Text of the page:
Deficiency of Vitamin B12 in mothers during pregnancy may put their child at greater risk of metabolic problems such as type-2 diabetes, researchers including those of Indian origin have warned.
The vitamin is found in animal products, including fish, meat, poultry, eggs and milk.
Previous research has shown that mothers with low vitamin B12 levels were at greater risk of giving birth to small babies with high cholesterol and high insulin resistance, which is a risk factor for type 2 diabetes.
Now scientists from University of Warwick’s Warwick Medical School have linked changes associated with B12 deficiency to abnormal levels of a hormone called leptin that signals fullness after eating.
Lead researcher in the study, Dr Ponusammy Saravanan, said: “The nutritional environment provided by the mother can permanently programme the baby’s health.
“We know that children born to under or over nourished mothers are at an increased risk of health problems such as type 2 diabetes, and we also see that maternal B12 deficiency may affect fat metabolism and contribute to this risk. This is why we decided to investigate leptin, the fat cell hormone.”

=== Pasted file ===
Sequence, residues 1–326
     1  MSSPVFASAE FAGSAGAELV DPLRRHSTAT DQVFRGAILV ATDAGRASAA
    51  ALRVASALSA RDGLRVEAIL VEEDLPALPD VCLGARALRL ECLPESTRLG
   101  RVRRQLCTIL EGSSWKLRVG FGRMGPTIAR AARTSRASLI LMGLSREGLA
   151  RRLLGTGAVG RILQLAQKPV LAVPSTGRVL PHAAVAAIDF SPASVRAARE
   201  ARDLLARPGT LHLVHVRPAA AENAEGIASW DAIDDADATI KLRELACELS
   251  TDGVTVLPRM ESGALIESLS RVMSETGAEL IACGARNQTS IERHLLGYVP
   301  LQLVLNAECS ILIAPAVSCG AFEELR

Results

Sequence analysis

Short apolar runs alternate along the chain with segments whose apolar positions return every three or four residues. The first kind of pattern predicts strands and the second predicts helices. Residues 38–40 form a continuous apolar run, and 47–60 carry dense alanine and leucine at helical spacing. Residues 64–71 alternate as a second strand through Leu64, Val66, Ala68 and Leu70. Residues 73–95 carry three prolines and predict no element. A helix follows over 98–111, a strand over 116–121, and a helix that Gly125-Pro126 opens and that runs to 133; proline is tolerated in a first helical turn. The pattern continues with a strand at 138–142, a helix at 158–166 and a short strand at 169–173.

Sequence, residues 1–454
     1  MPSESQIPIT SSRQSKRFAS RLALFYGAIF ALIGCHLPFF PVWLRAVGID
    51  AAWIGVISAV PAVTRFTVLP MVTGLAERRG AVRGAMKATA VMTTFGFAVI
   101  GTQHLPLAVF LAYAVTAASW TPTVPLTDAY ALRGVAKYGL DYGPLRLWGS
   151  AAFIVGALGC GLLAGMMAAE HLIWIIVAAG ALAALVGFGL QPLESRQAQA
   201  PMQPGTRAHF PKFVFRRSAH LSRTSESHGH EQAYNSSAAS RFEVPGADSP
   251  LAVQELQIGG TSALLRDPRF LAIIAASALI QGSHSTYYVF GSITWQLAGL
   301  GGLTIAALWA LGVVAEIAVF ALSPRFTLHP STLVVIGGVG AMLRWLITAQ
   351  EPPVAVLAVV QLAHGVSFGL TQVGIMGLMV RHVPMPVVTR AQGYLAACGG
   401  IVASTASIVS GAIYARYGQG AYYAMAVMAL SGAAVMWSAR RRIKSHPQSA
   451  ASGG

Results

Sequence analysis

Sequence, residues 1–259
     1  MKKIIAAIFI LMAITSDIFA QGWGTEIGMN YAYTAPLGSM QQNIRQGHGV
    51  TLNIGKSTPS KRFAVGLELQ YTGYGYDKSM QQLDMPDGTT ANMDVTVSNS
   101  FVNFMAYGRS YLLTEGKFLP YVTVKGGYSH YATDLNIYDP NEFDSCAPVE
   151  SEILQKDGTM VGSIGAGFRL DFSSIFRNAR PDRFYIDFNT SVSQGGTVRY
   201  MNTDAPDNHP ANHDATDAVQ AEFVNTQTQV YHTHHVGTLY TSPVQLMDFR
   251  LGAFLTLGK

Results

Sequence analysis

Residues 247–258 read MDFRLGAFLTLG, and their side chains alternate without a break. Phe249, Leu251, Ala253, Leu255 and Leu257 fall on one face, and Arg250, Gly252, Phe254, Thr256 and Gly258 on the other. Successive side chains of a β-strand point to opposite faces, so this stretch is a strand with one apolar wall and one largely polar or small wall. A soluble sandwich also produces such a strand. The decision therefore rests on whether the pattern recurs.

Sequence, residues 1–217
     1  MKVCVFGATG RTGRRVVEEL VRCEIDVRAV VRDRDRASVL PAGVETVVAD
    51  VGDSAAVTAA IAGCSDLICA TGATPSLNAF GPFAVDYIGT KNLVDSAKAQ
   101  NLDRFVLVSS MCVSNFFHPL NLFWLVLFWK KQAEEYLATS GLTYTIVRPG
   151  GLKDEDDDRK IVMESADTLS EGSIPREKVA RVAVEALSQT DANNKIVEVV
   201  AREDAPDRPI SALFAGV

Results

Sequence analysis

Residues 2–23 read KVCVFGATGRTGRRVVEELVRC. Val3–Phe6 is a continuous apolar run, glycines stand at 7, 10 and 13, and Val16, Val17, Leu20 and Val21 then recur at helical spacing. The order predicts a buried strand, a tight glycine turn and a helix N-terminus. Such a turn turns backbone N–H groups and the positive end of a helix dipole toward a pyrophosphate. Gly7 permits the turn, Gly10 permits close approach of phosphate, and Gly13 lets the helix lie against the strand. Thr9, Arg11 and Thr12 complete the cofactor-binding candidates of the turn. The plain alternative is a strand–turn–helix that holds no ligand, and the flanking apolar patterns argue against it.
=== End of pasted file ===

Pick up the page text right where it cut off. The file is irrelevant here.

Fat cells produce leptin in response to eating food and obesity leads to consistently higher levels of the hormone, which can cause leptin resistance.
Resistance to leptin results in overeating and an increased risk of insulin resistance, which eventually leads to type 2 diabetes.
Researchers from Warwick discovered pregnancies involving women with low vitamin B12 led to babies having higher than normal levels of leptin, which could adversely programme the leptin gene.
Fellow researcher in the study, Dr Adaikala Antonysunil, said: “The leptin can increase for two reasons. Either low B12 drives fat accumulation in the foetus, and this leads to increased leptin, or the low B12 actually causes chemical changes in the placental genes that produce leptin, making more of the hormone.
“As B12 is involved in methylation reactions in the body which can affect whether genes are turned on and off, we suspect it may be the latter.”
The study was presented at the Society for Endocrinology’s annual Conference in Brighton.